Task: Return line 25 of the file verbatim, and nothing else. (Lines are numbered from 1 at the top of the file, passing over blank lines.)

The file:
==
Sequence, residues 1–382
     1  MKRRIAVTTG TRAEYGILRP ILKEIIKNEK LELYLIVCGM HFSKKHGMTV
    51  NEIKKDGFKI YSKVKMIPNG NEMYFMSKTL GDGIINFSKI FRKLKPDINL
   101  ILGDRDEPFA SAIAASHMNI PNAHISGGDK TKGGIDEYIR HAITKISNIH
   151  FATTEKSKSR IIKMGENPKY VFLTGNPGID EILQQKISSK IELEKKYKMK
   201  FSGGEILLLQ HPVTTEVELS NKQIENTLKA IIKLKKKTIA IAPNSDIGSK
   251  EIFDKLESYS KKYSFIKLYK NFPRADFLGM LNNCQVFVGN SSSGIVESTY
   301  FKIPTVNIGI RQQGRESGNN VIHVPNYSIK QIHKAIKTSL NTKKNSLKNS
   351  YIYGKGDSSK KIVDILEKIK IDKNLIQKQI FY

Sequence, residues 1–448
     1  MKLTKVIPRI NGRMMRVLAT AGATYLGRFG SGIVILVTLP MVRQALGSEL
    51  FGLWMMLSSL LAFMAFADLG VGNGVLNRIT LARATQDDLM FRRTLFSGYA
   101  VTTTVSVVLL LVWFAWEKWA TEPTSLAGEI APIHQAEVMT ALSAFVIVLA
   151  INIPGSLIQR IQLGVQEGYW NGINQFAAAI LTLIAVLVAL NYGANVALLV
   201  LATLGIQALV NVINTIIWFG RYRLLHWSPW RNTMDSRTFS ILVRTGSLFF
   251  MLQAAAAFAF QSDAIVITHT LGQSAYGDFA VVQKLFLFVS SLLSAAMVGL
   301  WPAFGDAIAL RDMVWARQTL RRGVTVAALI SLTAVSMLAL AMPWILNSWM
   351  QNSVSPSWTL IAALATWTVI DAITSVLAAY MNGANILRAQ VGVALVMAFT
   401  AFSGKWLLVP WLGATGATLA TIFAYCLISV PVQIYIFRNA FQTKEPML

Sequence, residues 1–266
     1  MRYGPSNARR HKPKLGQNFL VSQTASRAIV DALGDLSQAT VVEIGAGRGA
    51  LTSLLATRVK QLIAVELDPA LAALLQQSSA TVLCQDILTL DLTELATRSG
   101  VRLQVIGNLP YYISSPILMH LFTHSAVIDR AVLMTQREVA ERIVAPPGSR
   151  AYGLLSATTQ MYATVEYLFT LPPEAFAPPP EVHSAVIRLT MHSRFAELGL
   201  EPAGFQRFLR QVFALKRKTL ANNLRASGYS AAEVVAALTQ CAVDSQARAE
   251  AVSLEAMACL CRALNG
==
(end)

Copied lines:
   201  EPAGFQRFLR QVFALKRKTL ANNLRASGYS AAEVVAALTQ CAVDSQARAE